An Oregon Message (Magill's Literary Annual 1988)
This is William Stafford’s eighth volume of poetry, and it recapitulates many familiar themes: the joys of youth and depletions of old age, the power of intuition and appeal of the natural world, the limitations of technological society, and the need for individuals to connect intuitively with one another. Once again, Stafford’s scenery and language are simple—of water, rocks, birds, the earth, wind, and all things blue and green—and his images are of flight, roads, and the emblems of reverence and awe manifest in nature and human interaction. Rhythms and rhymes are informal, and on occasion parts of speech exchange their traditional functions. This is a poetry of direct and deeply felt experience. Stafford is the quintessential Romantic poet at work, writing from divine inspiration the “miracle that has been invited to happen.” Poetry, as he writes in “Some Notes on Writing,” is “organically grown” verse, arrived at from “reckless impulse.” Stafford allows “language its own freedom and confidence.”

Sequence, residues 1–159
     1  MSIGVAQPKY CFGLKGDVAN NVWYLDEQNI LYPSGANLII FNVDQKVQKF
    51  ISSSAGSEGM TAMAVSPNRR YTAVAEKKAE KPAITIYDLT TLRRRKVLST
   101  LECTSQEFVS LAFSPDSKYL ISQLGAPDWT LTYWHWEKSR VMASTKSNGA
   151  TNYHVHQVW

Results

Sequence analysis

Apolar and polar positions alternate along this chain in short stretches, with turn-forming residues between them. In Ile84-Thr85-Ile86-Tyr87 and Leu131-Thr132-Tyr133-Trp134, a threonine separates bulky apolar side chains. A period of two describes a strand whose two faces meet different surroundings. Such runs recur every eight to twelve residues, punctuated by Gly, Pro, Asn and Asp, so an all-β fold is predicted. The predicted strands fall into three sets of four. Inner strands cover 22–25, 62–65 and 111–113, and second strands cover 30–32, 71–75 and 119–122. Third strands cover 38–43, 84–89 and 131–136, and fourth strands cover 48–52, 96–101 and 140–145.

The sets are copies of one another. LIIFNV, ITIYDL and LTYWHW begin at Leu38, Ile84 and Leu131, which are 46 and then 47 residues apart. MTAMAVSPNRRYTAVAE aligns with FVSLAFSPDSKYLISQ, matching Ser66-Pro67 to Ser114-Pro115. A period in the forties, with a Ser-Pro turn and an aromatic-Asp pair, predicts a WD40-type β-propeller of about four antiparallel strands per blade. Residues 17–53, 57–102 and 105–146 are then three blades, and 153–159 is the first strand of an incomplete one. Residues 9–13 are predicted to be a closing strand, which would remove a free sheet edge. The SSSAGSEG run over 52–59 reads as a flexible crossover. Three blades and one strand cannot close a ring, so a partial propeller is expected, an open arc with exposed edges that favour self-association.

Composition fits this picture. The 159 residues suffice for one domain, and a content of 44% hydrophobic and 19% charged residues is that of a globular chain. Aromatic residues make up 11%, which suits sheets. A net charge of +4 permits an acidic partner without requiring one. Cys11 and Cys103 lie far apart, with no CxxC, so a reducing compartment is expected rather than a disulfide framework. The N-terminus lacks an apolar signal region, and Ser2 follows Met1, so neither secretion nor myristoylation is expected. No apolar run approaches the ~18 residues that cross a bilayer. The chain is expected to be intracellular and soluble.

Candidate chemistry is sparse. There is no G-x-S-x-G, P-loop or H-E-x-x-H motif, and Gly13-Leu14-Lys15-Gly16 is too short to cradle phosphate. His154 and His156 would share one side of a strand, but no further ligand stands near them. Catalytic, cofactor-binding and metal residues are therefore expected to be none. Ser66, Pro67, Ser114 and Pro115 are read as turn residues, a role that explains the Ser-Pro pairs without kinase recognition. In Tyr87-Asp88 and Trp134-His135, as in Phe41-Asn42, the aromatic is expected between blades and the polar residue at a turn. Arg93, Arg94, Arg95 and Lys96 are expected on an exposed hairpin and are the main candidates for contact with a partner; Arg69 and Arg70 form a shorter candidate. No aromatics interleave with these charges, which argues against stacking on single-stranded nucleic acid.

The result, equally true of much other Romantic verse, is an unevenness in quality, an occasionally prosaic statement and banal imagery, as well as occasional awkwardness, didacticism, and flaccidity. At his best, however, Stafford is extremely moving in his evocations of the instinctive life and heart as the agencies through...
(The entire section is 2005 words.)
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